1. The following question has been referred to us for our opinion by the Gujarat Sales Tax Tribunal :
'Whether, on the facts and in the circumstances of the case, for the purpose of levy of tax, oil engines prior to 14th March, 1960, and spare parts thereof prior to 27th September, 1960, fall under entry 15 of Schedule C to the Bombay Sales Tax Act, 1959, or fall under entry 22 of Schedule E to the said Act ?'
2. The question arises in the following circumstances :
The opponent-firm is a partnership firm dealing in manufactur and sale of oil engines and spare parts thereof. It is registered under the Bombay Sales Tax Act, 1959. It was assessed for two periods, viz., (i) 1st January, 1960, to 31st March, 1960, and (ii) 1st April, 1960, to 31st March, 1961, by separate assessment orders passed by the Sales Tax Officer, holding that oil engines and spare parts therefore are covered by entry No. 15 of Schedule C to the Act. The Assistant Commissioner of Sales Tax initiated suo motu revision proceedings against this assessment and held that the oil engines and spare parts thereof prior to the aforesaid respective dates were covered by the residuary entry No. 22 of Schedule E to the Act.
3. Being aggrieved with the said order of assessment, the opponent-firm took the matter in revision before the Gujarat Sales Tax Tribunal, which, following the ratio of the decision of this court in Industrial Machinery Manufacturers Private Limited v. State of Gujarat ( 16 S.T.C. 380), held that the goods in question would be liable to pay tax under entry No. 15 of Schedule C. At the instance of the State, the above question is referred to us for our opinion.
4. At the relevant time of assessment, entry No. 15 read as under :
'15. Machinery used in the manufacture of goods, and spare parts and accessories thereof, but not machinery and spare parts and accessories thereof specified in any other entry in this or any other schedule.'
5. It was contended on behalf of the State that the entry in question presupposes that there must be actual user of the machinery for purposes of manufacturing goods, as the machinery may be put to different uses according to the exigencies of the case. In the particular case before the Tribunal, it was urged on behalf of the revenue that the oil engines would not necessarily be required to be used for purposes of manufacturing goods, but should be as well be put to uses other than manufacturing of goods, namely, lifting of water from the well, etc. On behalf of the assessee-opponent-firm herein, it was contended that there is no warrant for reading the entry in the manner in which it has been urged on behalf of the State. If the machinery is one, which could be used for the manufacturing of goods, it should be considered sufficient to attract the tax under entry No. 15.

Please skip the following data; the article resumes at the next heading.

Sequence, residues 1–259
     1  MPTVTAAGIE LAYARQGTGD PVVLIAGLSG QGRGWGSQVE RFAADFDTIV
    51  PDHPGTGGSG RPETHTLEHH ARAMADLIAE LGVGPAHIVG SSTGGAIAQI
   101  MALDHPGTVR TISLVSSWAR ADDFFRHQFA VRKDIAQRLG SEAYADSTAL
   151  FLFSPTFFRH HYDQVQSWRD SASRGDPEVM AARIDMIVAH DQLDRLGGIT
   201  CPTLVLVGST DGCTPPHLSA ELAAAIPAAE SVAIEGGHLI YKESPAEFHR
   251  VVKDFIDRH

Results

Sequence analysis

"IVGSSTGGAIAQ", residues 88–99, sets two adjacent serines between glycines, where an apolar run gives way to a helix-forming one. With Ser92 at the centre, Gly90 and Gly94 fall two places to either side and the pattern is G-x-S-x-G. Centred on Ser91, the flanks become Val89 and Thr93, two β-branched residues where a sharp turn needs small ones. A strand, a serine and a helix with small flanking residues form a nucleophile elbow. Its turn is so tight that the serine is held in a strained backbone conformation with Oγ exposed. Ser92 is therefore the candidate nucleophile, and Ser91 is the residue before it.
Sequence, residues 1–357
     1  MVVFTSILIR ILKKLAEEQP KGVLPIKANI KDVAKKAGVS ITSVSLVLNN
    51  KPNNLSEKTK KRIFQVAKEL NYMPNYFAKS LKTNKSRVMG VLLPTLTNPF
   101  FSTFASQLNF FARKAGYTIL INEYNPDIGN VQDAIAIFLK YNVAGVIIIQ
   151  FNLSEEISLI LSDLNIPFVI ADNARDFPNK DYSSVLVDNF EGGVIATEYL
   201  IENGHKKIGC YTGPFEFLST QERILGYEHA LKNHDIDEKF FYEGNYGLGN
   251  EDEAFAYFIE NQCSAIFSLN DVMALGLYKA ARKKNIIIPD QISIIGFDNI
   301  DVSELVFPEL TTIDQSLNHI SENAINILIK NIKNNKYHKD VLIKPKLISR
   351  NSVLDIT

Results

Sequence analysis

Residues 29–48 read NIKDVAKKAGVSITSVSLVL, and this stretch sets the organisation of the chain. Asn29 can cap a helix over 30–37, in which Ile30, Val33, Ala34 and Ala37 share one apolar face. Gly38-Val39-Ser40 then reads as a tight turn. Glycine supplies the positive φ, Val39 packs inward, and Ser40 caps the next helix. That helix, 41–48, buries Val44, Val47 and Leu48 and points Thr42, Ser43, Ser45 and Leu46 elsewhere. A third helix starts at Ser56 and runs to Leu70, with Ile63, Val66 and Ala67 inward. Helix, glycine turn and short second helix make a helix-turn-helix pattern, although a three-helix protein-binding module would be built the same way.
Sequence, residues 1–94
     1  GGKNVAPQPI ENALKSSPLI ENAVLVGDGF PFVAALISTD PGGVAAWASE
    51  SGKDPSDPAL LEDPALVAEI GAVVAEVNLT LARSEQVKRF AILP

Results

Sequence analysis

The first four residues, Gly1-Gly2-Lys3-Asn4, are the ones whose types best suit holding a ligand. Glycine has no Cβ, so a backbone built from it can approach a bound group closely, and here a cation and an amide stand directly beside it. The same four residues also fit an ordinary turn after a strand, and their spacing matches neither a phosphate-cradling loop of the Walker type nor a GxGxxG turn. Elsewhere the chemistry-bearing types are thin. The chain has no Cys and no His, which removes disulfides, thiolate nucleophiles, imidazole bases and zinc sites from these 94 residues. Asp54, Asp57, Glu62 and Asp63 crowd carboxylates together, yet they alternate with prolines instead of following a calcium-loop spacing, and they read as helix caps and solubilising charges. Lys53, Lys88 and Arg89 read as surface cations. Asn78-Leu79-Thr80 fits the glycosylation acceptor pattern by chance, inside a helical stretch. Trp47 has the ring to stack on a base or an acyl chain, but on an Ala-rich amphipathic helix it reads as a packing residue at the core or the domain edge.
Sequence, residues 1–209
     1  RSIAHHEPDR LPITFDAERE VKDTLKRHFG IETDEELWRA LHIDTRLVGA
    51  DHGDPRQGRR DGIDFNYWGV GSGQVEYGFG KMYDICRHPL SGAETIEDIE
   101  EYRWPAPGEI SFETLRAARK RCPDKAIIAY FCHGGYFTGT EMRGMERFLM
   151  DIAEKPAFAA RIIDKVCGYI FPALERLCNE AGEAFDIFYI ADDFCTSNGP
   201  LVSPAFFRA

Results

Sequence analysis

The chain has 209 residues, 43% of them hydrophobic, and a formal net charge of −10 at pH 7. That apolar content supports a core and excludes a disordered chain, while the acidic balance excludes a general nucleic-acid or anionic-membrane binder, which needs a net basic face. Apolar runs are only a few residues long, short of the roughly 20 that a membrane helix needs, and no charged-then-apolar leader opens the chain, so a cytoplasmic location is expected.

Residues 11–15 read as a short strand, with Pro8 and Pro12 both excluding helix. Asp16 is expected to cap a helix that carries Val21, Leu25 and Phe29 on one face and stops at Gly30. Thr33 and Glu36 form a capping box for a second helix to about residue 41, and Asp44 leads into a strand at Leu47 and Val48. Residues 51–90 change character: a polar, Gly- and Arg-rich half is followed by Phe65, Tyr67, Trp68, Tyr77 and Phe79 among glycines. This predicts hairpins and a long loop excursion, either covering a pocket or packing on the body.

6. The particular entry, in our opinion, covers those cases of machinery and accessories and spare parts, which are not specified in any other entry in Schedule C or those in any other schedule to the aforesaid Act. It is, therefore, a residuary entry for the purpose of these goods. However, it was contended on behalf of the revenue that though this is a residuary entry, none the less it has been circumscribed, inasmuch as all and every kind of machinery are not contemplated but those machineries which are used for purposes of manufacturing of goods are only envisaged to be covered under entry No. 15. It was, therefore, urged that unless the machinery is actually used for the manufacturing of goods, entry No. 15 is not attracted and, consequently, there being no other provision to tax such goods, entry No. 22 to Schedule E will apply. We are not inclined to accept this contention on behalf of the State as, in our opinion, there is no warrant to equate the word 'use' in entry No. 15 to the actual user. The question of the width and scope of entry No. 15 had arisen in Industrial Machinery . v. The State of Gujarat ( 16 S.T.C. 380), wherein the Division Bench of this Court, consisting of J. M. Shelat, C.J. (as he then was), and Bhagwati, J. (as he then was), was called upon to decided, whether humidifiers used in textile mills are machinery used in manufacturing goods within the terms of entry 15 of Schedule C This court, in that case, observed after referring to the decision of the Privy Council in Corporation of Calcutta v. Cossipore Municipality ([A.I.R. 1922 P.C. 27), as under :